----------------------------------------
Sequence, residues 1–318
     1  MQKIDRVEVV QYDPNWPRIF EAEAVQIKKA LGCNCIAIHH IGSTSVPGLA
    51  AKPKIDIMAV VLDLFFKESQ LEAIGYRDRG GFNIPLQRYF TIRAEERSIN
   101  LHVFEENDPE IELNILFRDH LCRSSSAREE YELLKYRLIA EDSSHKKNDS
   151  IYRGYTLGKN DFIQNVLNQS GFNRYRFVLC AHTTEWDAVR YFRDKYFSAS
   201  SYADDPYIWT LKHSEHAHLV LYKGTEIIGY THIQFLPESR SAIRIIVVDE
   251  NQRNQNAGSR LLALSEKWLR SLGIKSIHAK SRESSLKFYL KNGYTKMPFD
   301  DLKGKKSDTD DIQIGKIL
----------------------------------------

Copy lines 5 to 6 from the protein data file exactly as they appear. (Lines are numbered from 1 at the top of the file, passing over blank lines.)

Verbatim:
   151  IYRGYTLGKN DFIQNVLNQS GFNRYRFVLC AHTTEWDAVR YFRDKYFSAS
   201  SYADDPYIWT LKHSEHAHLV LYKGTEIIGY THIQFLPESR SAIRIIVVDE